Remember, this is written in the third person.
We have just turned off the main road onto the road which steers through the corn fields, by-passing the Branson property. Like most midwest roads this one is also of whitish coloring due to the gravel used for decades on such roads. It’s a five, or so, mile trip to Branson’s driveway and we finally get there when we see an old weathered and cracked sign hanging from one nail which has three letters left on it: B-R-A. We smirk at the spelling and turn left onto the drive. It isn’t one hundred and fifty yards before we are stopped by a 1954 Cadillac blocking the road. It was a convertible with white top and the chrome is still attempting to shine through decades of rust to say, “I’m still here!” While its age speaks to us we notice that the hood is missing as is the intake manifold and carburetor. A vestige of the convertible top flaps in the wind behind the rear seat adding a little haunted atmosphere to the scene. Still, we feel that a good restorer could make this a prize still as the patina of rust shows no holes or rot in the fenders or rocker panels.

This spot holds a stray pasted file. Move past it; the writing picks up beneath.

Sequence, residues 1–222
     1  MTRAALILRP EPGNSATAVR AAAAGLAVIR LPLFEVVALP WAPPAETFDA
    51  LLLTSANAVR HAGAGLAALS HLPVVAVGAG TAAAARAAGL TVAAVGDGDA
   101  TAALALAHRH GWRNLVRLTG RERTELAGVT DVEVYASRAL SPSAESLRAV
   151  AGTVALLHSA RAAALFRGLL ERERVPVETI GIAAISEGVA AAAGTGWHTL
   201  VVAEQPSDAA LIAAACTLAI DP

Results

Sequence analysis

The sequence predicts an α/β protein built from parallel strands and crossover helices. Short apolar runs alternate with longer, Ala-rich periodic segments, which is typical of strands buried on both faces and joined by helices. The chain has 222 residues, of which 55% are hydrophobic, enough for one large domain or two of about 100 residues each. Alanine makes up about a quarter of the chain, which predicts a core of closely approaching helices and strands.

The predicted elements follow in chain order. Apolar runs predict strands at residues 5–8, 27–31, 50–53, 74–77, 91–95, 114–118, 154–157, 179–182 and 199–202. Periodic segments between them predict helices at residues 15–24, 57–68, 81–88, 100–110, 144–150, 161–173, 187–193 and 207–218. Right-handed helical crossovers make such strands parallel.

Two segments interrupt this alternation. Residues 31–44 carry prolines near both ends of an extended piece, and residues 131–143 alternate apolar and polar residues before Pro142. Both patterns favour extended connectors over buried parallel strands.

Now we have an idea of what to expect as we proceed. If the Caddy looks like this we need to prepare ourselves for what lies ahead. With a little trepidation we dismount our Subaru Forester rental and scramble around the old Caddy to walk the rest of the way on foot. It’s hot and humid and we neglected to bring any water. We can’t blame ourselves, though, as we really never intended to actually make this trip out here in the first place. Ruminating about the wisdom of this short journey is crossing our common sense somewhere in the back alleys of our mind. The thought comes unbidden whether we should trust anything that Mr. Branson might be willing to offer us should we get so thirsty as to ask. With nothing known for us to lose we throw caution to the wind and trudge onward.